As of the time of writing this article, a problem exists with the Linux build process which results in the rpath of lib* files pointing to the user’s build tree path. This mechanism will result in a build failure when trying to build the RPM file, we therefore need to resolve this issue before moving on to the next steps.

Make sure you have patchelf installed and cd into the cool-app/lib folder and run :

patchelf --print-rpath *

If any of the paths printed in the output points to a folder that exists in your user home directory, the rpath problem persists.

In order to resolve this issue, run the following command for any file which has an rpath pointing to a location in user home directory:

patchelf --set-rpath '$ORIGIN' <fileName>

Now if you run patchelf --print-rpath * again, all files must point to $ORIGIN .

RPMBuild Directory Structure

RpmBuild uses a standard directory structure to build rpm packages. In order to create these directories, run the following command in your home directory :


Now copy the cool-app-1.0.0 folder to ~/rpmbuild/SOURCES and cd into the SOURCES directory and run the following command :

tar --create --file cool-app-1.0.0.tar.gz cool-app-1.0.0

This compresses the folder into a tar.gz file which will be used by rpmbuild.

.spec File

The final step is to create a .spec file that contains the application metadata and build instructions.

Now we cd into ~/rpmbuild/SPECS and create a new file called cool-app.spec . The content of the file will look like the following :

Name:           cool-app
Version: 1.0.0
Release: 1%{?dist}
Summary: Very cool app
BuildArch: x86_64
License: GPLv3
Source0: %{name}-%{version}.tar.gz

Requires: bash

A very cool app that does everything

%setup -q

mkdir -p $RPM_BUILD_ROOT/%{_bindir}/%{name}
cp %{name} $RPM_BUILD_ROOT/%{_bindir}/%{name}
cp -R lib $RPM_BUILD_ROOT/%{_bindir}/%{name}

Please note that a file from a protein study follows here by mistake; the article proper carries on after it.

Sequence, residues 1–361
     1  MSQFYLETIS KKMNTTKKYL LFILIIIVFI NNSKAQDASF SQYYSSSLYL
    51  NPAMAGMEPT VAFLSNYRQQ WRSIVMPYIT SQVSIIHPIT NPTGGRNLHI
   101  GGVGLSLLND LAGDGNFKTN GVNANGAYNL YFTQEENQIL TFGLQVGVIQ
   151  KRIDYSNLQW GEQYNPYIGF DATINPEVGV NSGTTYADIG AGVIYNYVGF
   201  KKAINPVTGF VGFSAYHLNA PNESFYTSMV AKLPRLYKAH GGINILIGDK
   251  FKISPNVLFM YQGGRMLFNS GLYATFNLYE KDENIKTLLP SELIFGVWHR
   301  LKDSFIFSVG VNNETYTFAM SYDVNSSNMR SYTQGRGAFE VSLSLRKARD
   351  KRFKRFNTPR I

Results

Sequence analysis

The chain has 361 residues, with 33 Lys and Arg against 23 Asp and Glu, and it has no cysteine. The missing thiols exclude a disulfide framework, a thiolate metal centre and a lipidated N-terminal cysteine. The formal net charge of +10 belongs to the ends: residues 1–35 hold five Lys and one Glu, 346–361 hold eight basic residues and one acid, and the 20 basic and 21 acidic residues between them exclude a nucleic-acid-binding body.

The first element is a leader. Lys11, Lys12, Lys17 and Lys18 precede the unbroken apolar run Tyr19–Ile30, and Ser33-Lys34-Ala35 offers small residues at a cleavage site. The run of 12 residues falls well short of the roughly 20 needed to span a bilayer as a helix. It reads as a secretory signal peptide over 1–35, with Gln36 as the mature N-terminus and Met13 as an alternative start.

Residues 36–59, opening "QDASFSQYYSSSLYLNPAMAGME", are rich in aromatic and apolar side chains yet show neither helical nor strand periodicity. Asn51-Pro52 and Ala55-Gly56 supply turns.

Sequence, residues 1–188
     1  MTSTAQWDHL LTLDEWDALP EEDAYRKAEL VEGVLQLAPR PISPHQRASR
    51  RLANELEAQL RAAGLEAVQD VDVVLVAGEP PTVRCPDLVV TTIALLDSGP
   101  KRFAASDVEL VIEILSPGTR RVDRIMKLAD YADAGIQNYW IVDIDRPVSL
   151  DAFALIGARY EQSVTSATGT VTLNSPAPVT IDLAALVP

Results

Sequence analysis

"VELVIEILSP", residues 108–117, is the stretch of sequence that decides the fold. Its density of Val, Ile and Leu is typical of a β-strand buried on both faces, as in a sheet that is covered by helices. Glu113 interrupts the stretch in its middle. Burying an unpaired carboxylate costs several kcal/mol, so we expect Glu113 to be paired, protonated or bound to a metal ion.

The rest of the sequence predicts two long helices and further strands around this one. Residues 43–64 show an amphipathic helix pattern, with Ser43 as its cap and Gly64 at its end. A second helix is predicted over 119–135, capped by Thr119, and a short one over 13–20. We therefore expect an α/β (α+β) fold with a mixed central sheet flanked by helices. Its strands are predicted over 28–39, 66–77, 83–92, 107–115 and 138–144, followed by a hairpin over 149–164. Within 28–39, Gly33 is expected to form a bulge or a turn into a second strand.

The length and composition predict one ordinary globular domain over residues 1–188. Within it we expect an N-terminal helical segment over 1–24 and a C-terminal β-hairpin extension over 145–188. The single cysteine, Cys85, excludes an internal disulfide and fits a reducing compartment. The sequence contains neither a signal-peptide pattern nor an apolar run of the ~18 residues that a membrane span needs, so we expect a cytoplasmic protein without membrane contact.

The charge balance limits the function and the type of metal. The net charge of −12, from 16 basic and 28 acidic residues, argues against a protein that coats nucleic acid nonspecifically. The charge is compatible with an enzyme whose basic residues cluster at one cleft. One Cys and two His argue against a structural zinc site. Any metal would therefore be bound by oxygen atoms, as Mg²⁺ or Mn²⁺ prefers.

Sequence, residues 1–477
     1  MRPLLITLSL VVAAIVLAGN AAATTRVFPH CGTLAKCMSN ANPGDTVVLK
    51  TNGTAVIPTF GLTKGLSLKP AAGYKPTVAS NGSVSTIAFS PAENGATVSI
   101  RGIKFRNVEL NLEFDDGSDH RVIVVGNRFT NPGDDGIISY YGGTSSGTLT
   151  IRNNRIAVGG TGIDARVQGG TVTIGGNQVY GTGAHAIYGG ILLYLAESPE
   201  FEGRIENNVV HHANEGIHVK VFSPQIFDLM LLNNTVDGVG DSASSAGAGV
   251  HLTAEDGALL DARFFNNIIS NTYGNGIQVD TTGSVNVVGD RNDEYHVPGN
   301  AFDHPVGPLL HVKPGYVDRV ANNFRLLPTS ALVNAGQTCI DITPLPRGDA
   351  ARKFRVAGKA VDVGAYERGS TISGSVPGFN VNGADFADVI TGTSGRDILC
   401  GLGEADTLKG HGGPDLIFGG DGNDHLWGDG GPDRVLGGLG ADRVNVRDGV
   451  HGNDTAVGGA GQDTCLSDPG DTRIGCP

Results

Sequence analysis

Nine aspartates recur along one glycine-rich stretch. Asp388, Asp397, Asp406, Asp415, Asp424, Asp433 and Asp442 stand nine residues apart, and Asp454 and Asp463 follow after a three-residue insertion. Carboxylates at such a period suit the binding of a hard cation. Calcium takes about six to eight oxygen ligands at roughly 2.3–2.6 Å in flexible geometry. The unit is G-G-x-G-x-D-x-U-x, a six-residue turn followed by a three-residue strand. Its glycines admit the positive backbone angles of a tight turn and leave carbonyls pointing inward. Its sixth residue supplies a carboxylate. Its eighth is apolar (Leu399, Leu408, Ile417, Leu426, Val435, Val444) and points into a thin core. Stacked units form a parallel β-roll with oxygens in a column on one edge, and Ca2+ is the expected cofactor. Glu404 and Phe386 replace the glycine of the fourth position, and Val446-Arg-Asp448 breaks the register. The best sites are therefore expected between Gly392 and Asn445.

cp -R data $RPM_BUILD_ROOT/%{_bindir}/%{name}

desktop-file-install %{name}.desktop



You can use this exact template and only change the Name,Version,Summery,Release,BuildArch,URL,License,%description parameters and you will most likely be fine. However, I will go through and explain the %install segment in case you need to change or add instructions according to your project requirements.

The commands specified in the %install segment are used by rpm to install your package. The first two commands make sure to create the /usr/bin/cool-app directory from scratch (recreating it if it already exists). The next three will copy your executable (cool-app), lib, and data directory to /usr/bin/cool-app . The final command installs the .desktop file in the proper directory.

The %files segment specifies the paths to which you wish to copy your files. If you need to copy an additional file somewhere else, specifying its command inside %install doesn't suffice. You should also specify that path inside the %files segment. Here we have used /usr/bin/cool-app for our binary path and /usr/share/applications for the .desktop file path.

Building the RPM package

Finally, to build your rpm package, run the following command :

rpmbuild -bb ~/rpmbuild/SPECS/cool-app.spec

RpmBuild will create the rpm package inside the ~/rpmbuild/RPMS directory.